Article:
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 Microbe Stage GDD

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NickTheNick
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PostSubject: Re: Microbe Stage GDD   Sat May 31, 2014 1:46 am

To summarize what we've discussed so far:

  • Microbe health replaced with membrane and osmoregulation
  • Some changes to how organelles are obtained
  • Plasmids
  • Fancy motility maths by moopli
  • Sexual reproduction
  • Changes to compound generation
  • Saves will not all take place in the same galaxy, and other than that can be saved or loaded at any time during gameplay. 


If there is something I missed, please let me now, otherwise I will update this and some other content into the Microbe Stage GDD for v1.1

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Last edited by NickTheNick on Wed Jun 18, 2014 3:14 am; edited 1 time in total
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PostSubject: Re: Microbe Stage GDD   Sun Jun 01, 2014 6:57 am

Just a couple of small nitpicky things which may or may not all be applicable to the GDD. Most of these were thought of while playing the current build as ways to improve:


  • Currents - Untrustedlife's prototype included fluid dynamics as a method for moving cells which hadn't yet evolved flagella, and even those with their own means of locomotion found it difficult to swim against the current. Is a similar system planned for the near future of the current build? A related point is . . .
  • Movement speed - I feel like the movement speed of all cells is too fast. Even with so many flagella on your starting cell, it feels unnatural to be moving so fast. Fluid dynamics as mentioned above would help to temper this, but it may still prove a problem. At the moment, moving as fast as is possible in a given direction leads to the game stuttering as it struggles to load the environment fast enough to keep up, at least with my fairly slow processor and graphics capabilities.
  • Rotation and ATP - While even the slightest directional movement does require ATP, you are able to rotate all you like without using any. The flagella are obviously working to achieve this, so logically it should require it. I'm not sure how it looks in terms of gameplay balance though.
  • Zoom - Although probably an easy thing to add at any point, the ability to zoom would be useful and I have seen it requested by a few people on YouTube, etc. Obviously there will have to be arbitrary constraints anyway.
  • AI - Is it just me or do all the AI cells currently in the game move towards a single point? I've found that playing for a while results in a cluster of cells swimming around a seemingly ordinary set of compound emitters with no particular significance. I have a few suspicions about what causes this, but since I'm not a programmer I can't really say with any accuracy. Initially I'd suggest limiting the AI 'field of view' so that they swim towards the location with the greatest merit within their detection range, rather than the entire map.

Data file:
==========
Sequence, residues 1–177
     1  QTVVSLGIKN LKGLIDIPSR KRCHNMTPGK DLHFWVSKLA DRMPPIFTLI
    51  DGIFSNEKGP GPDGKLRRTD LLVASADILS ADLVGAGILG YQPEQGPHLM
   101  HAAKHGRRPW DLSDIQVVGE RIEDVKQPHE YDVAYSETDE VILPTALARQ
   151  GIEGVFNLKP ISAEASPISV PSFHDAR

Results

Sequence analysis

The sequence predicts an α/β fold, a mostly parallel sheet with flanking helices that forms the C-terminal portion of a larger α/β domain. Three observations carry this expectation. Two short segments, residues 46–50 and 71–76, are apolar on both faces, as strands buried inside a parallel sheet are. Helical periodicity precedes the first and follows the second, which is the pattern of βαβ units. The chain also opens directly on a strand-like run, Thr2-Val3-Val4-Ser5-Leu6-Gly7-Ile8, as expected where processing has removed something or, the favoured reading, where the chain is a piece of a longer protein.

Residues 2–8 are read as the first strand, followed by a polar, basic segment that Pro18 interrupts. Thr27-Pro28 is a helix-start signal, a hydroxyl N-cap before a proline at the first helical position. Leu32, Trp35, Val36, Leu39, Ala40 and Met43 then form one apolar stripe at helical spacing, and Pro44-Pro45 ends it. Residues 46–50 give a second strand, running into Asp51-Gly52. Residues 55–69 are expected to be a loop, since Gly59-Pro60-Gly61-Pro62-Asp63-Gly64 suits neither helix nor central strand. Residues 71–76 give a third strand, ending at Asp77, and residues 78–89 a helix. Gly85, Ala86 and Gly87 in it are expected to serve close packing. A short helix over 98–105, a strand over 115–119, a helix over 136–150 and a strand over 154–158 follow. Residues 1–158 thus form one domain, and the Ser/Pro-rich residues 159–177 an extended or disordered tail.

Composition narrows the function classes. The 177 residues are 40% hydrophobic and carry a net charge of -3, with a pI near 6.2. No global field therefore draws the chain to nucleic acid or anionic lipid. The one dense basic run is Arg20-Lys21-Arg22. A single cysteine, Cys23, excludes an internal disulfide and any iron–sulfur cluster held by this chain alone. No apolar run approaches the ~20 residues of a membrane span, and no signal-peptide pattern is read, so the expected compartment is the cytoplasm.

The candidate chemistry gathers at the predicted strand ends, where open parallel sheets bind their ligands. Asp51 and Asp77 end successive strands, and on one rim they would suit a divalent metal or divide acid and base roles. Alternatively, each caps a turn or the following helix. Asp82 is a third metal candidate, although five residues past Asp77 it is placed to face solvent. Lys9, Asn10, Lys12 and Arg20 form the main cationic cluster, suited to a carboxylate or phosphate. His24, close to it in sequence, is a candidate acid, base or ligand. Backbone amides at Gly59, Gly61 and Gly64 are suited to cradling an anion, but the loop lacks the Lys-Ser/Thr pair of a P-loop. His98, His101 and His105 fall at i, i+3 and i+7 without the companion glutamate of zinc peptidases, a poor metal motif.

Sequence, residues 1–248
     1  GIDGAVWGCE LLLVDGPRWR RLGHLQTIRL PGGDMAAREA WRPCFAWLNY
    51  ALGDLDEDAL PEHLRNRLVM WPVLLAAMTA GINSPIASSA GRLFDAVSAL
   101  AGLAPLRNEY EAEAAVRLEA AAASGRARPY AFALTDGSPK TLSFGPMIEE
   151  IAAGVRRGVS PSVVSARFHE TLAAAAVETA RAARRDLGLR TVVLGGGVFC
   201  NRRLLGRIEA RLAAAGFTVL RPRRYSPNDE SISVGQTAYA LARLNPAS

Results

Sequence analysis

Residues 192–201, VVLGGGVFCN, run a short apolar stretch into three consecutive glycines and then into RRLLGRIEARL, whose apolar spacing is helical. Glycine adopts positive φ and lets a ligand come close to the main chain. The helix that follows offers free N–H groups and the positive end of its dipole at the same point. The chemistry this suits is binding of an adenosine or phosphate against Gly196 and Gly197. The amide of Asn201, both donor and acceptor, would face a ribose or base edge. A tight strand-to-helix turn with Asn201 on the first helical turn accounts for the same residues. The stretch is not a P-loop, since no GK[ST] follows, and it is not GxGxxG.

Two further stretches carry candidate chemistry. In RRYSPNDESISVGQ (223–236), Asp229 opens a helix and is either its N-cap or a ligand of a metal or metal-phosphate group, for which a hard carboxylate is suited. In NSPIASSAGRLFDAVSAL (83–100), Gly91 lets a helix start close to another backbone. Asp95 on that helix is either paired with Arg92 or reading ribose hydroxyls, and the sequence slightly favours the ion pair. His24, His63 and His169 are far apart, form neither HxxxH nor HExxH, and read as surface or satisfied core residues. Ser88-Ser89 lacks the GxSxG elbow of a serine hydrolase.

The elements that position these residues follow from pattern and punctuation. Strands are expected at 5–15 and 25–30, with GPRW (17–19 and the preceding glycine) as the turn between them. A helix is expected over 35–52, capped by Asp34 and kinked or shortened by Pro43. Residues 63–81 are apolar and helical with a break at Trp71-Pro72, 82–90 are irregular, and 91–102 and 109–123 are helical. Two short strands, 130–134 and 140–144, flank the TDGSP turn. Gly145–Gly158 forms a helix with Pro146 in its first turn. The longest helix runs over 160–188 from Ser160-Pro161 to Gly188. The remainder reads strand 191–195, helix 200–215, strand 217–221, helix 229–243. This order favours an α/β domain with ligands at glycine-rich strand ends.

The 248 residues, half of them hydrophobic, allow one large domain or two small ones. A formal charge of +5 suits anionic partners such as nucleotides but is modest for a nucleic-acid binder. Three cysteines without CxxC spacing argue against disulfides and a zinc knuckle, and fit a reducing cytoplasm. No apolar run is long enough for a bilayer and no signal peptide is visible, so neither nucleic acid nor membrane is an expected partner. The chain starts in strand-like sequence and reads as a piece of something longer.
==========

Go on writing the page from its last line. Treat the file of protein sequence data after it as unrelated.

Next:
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PostSubject: Re: Microbe Stage GDD   Sun Jun 01, 2014 9:40 am

Oliveriver wrote:
... Currents - Untrustedlife's prototype included fluid dynamics as a method for moving cells which hadn't yet evolved flagella, and even those with their own means of locomotion found it difficult to swim against the current. ... Movement speed ... too fast ... so many flagella ... feels unnatural. Fluid dynamics ...[/list]
Good points. First, if we apply an exponential drag term to velocity, then there'll be diminishing returns on flagella. Second, since water is so viscous at cell scales, as I mentioned above, cells should not coast. Ever. This could give us an easy way to tune the drag term, since it should just be high enough to stop cells almost instantly once they stop swimming. Next point: I agree with my rampant quote-mining above -- too many flagella does feel unnatural. Flagellated protozoans don't usually have too many. They're also much longer and floppier than what we have now, so flagella will eventually have to be procedural. Come to think of it, cilia will have to be procedural too - but for different reasons. Ciliated protozoans are usually covered in fuzz. But not always. However, since players can only lay cilia on the side edges of their cells, we will have to extend the covering all around the cell, and make it seamless.

Anyway, on to water currents -- thanks to the viscosity of water, I think even the smallest scales of any currents we introduce would have to be quite large compared to single cells. Then, as the player's microbe goes multicellular, gets bigger, and leaves the viscosity-dominated size regime, it starts getting noticeably pulled about by small-scale turbulence. Then, as it gets even bigger, only macroscopic currents matter. It fits well with our sense of scale -- as the player progresses, the little things stop mattering.